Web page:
The lyrics are a blend of witty observation and direct comment which hits hard, such as ‘Stop Driving Like An Asshole’, a song that is extremely topical, what with the newspapers displaying a daily dose of deceased on our roads. this has the ability to make people stop and think. The song is wrapped up in a country style electric strum, with guitars to the fore, however it’s the lyrics that hold the imagination, especially the lines: “Stop driving like an asshole/ You know who you are/ Did you think when you cut me off it would help you go farther? / You’re an accident waiting to happen, a flipped over SUV/ On the 405, at six o’clock, your carcass on TV.”
The band also touch on subjects such as the human condition on tracks like ‘Mystery Drug’, a country style ballad that is primarily played out on acoustic guitar. Once again however, it is the lyrics that have the power to grab you: – “I am a lonely primate, craving drugs to soothe my mind and body/ I am alone/ I am a lonely primate, shunning any social group that could give me peace. I am sorry.”
This band isn’t just however solely based around social commentary, however. They detour into classic country mantras such as relationship break ups, such as on ‘Yesterday’s Coffee’, a song that would fit easily alongside any by Gram Parsons: – “Yesterday’s coffee sits by the window/ Nobody really wants yesterday’s coffee/ And I know you’re thinking, thinking about leaving/ But every morning I’m still hoping – I’m here, I’ll do/ But you’re feeling something new.”
|The band also dip their toes into the new wave genre with ‘My Local Merchants’, a song that races along at a breakneck pace, a la Ramones, however, whilst the majority of songs on the first Bruddas album were uniformly negative, this is a song about how the people working in your local store have the ability to lift your mood: – “My local merchants cheered me up tonight/ My local merchants made me feel all right/ On a cold bitter night, that found me questioning my sanity/ I truly dug that little contact with humanity.”The band will be touring the UK throughout June and July this year. Further information and CDs are available from I See Hawks In L.A online This is definitely a band worth investigating.|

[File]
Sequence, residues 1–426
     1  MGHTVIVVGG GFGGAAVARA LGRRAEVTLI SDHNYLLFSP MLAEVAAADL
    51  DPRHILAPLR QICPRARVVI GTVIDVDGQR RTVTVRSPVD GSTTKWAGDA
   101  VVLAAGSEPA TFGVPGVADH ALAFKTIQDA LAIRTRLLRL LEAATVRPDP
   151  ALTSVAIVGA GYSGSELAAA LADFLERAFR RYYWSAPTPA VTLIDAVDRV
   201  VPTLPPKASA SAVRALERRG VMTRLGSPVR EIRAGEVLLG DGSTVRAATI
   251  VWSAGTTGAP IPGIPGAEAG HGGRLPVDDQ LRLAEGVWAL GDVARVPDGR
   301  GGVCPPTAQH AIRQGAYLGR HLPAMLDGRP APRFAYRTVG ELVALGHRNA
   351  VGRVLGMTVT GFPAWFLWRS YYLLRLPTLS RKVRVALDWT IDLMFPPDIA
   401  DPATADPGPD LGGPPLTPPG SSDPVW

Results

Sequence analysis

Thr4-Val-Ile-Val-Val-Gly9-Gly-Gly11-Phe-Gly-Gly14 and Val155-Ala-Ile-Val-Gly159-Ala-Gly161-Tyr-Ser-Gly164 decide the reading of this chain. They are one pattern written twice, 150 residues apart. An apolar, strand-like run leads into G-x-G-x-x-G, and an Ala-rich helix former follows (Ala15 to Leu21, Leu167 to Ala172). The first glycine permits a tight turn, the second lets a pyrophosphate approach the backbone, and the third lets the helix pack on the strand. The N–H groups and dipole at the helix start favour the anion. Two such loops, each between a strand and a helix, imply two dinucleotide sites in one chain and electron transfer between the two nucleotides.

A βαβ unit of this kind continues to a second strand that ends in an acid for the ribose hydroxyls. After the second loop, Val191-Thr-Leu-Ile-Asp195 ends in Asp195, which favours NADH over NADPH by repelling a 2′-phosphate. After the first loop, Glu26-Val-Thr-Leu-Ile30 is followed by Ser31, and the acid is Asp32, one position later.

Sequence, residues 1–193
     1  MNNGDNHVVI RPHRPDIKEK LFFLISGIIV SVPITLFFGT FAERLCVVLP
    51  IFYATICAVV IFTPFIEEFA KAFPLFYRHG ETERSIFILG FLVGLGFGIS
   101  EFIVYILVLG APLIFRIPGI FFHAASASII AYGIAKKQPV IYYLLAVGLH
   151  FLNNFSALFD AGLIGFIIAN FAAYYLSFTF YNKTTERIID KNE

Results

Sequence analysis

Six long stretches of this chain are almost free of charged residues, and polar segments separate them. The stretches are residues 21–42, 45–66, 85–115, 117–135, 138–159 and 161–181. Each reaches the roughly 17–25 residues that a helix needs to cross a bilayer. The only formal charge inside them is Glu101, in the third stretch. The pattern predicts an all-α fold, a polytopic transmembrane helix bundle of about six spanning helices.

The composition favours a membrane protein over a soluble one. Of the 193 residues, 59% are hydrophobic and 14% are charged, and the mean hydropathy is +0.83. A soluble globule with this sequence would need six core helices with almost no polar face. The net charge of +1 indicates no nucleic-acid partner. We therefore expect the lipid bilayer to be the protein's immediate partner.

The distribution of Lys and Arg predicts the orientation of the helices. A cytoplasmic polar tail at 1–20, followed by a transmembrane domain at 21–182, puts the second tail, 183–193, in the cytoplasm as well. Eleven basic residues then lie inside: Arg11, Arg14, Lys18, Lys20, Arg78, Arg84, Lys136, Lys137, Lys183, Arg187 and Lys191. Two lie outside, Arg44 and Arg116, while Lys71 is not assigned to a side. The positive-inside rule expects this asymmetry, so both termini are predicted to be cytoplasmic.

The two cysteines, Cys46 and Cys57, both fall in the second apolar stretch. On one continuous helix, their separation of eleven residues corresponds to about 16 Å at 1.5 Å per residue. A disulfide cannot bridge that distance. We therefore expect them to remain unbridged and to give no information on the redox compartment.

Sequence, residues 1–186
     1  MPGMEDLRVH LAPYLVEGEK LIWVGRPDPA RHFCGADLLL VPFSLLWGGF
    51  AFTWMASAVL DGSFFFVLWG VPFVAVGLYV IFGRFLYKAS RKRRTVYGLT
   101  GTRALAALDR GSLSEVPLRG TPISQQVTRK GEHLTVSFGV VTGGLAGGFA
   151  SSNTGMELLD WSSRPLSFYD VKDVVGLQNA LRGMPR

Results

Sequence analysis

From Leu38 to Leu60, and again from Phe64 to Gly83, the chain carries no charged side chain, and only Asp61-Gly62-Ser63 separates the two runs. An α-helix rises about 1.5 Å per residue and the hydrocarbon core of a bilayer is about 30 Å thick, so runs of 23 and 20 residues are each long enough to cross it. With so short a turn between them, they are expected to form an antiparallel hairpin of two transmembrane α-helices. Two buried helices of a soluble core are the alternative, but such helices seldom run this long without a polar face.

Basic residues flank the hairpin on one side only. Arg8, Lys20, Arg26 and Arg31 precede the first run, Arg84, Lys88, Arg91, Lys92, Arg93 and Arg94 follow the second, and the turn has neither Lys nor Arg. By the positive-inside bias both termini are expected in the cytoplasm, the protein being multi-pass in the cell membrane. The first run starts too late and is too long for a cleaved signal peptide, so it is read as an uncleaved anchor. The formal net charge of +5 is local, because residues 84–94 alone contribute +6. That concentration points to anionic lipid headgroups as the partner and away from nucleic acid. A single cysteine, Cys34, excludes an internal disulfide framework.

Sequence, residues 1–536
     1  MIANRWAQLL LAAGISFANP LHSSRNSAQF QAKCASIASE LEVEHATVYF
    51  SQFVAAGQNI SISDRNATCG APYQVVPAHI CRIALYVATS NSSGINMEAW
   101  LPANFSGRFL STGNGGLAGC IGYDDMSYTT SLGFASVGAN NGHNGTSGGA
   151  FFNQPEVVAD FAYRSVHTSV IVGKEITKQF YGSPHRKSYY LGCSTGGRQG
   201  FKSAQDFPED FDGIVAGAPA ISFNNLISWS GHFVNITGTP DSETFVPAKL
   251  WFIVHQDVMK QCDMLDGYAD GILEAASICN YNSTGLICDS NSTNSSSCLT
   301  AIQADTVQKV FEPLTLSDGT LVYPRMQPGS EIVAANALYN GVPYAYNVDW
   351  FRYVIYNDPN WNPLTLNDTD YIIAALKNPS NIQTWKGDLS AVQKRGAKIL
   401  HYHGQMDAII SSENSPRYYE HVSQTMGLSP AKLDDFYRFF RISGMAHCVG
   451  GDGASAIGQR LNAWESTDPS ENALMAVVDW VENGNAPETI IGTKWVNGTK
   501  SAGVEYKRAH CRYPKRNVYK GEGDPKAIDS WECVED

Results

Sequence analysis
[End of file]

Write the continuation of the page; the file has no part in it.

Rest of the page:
|author: Nick Browne|
Uncut May 21, 2012
Counterpunch April 8, 2012
Los Angeles Beat April 9, 2012
PopMatters April 11, 2012
RoughstockApril 12, 2012
Country Standard Time April 4, 2012
Music New Nashville April 3, 2012
The California Report March 25, 2012
Bluegrass Special March 2012
L.A. Record March 14, 2012
Rhapsody March 2012
SPIN March 9, 2012
LA Weekly March 5, 2012
BLURT February 29, 2012
Mike Finklestein February 28, 2012
Lone Star Music March/April 2012
MOJO June 2012
No Depression March 26, 2012
Turnstyled and Junkpiled February 22, 2012
Turnstyled and Junkpiled/Sin City Spotlight April 10, 2012
Twangville March 2, 2012
Michael Doherty March 2, 2012
Blog Critics March 5, 2012
Santa Monica Patch March 2, 2012
WEEKEND EDITION APRIL 6-8, 2012
A New Kind of Lonely
by RON JACOBS
Imagine yourself in a small cabin in the mountains north of Santa Cruz, California. There’s a small fire burning in the stone fireplace just warm enough to burn away the Pacific fog creeping through the space underneath the door. People are gathered in the main room. Some are tuning their instruments, others are twisting up a reefer or two and still others are pouring pints of home brew. Everybody gets settled and the picking begins.
That cabin, that scene, is where the latest disc from the California band I See Hawks In LA takes me. This CD, titled A New Kind of Lonely, is their fifth release (sixth if you include their “hits” collection) and, in a departure from their other work, is performed solely with acoustic instruments. Foregoing their electric guitars and pedal steel, I See Hawks In LA have turned in a solid piece of work that simultaneously enhances and expands their singularly exquisite sound.